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‘Wolf of Wall Street’ can’t kick ‘The Hobbit’ at Christmas Day box office

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 “The Wolf of Wall Street,” Martin Scorsese’s searing take on the sex-and-drug-fueled excess of the 1980s stock market boom, couldn’t top reigning champ “The Hobbit: The Desolation of Smaug” in its debut at the Christmas Day box office.

The black comedy starring Leonard DiCaprio came close, taking in $9.1 million Wednesday, just behind the $9.5 million of Peter Jackson’s Tolkien tale. But Paramount’s R-rated “Wolf’ received just a “C” CinemaScore from first-night audiences, so it could have a tough time making up ground on “Smaug” over the holiday weekend.

If “Hobbit” hangs on, it will be the third straight weekend win for the Warner Bros. blockbuster, which has taken in $150 million domestically  and $425 million worldwide for Warner Bros.

The Will Ferrell comedy “Anchorman 2: The Legend Continues” brought in $8.1 million for Paramount and was third, just ahead of another of the six wide openers, Fox’s surprisingly strong “The Secret Life of Walter Mitty.”

The comedy directed by and starring Ben Stiller brought in a better-than-expected $7.8 million for Fox and audiences gave it a “B+” CinemaScore. It beat out holdover “American Hustle,” David O. Russell’s quirky tale of Abscam con men, which was fifth with an estimated $7.4 million for Sony.

Universal’s “47 Ronin,” the samurai action epic starring Keanu Reeves, debuted with $7 million. That was ahead of very low expectations and it received a “B+” CinemaScore, too. But it’s clear already that it won’t come near offsetting its $170 million production budget.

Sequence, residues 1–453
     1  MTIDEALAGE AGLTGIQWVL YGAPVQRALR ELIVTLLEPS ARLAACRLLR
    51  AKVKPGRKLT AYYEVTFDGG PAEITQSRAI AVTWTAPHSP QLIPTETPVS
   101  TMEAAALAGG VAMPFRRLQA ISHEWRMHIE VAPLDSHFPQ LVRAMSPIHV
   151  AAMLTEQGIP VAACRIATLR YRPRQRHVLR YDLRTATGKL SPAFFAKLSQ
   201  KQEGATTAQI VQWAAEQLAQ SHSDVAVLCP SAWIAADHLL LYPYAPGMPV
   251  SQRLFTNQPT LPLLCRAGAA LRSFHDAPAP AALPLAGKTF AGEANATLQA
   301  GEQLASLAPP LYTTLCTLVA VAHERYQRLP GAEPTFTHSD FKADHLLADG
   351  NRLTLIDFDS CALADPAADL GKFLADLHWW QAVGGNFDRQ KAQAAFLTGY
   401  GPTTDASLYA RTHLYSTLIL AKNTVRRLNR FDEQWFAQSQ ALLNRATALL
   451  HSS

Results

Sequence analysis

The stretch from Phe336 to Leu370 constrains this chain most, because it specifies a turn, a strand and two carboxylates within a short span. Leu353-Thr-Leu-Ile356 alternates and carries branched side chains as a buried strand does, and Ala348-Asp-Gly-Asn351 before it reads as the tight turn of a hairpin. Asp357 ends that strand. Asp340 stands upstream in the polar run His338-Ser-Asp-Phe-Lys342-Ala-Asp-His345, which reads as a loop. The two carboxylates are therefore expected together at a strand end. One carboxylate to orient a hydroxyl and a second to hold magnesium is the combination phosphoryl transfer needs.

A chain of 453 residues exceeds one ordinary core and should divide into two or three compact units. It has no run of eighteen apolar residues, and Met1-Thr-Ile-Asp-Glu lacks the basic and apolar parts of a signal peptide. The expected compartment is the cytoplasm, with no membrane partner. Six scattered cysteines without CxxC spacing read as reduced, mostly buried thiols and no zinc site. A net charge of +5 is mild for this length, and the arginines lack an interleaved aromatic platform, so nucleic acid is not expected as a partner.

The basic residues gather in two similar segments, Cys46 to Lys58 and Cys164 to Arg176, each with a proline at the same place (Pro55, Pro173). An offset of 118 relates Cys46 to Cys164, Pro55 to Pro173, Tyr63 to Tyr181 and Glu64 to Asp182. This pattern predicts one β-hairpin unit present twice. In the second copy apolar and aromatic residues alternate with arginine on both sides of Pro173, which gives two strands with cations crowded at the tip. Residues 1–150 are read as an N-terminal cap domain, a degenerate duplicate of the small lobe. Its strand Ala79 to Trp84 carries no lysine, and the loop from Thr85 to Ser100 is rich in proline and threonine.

The weakest of the wide openers was the Sylvester Stallone-Robert De Niro boxing comedy “Grudge Match,” which took in $4 million. It received a “B+” CinemaScore and a slow start for the mature-skewing comedy from Warner Bros. isn’t a major surprise.

It finished ninth, behind two Disney films. The 3D animated kids film “Frozen” was seventh with $6.3 million after Wednesday, but look for the Disney Animation hit to move up the ladder as families come out this weekend. “Saving Mr. Banks,” starring Tom Hanks and Emma Thompson in the story behind the making of “Mary Poppins,” was eighth with $5.1 million.

Justin Bieber’s concert documentary “Believe” didn’t get much of a boost from his Christmas Eve tweet announcing his retirement. It brought in a soft $1.2 million from 1,037 theaters in its debut for Open Road.

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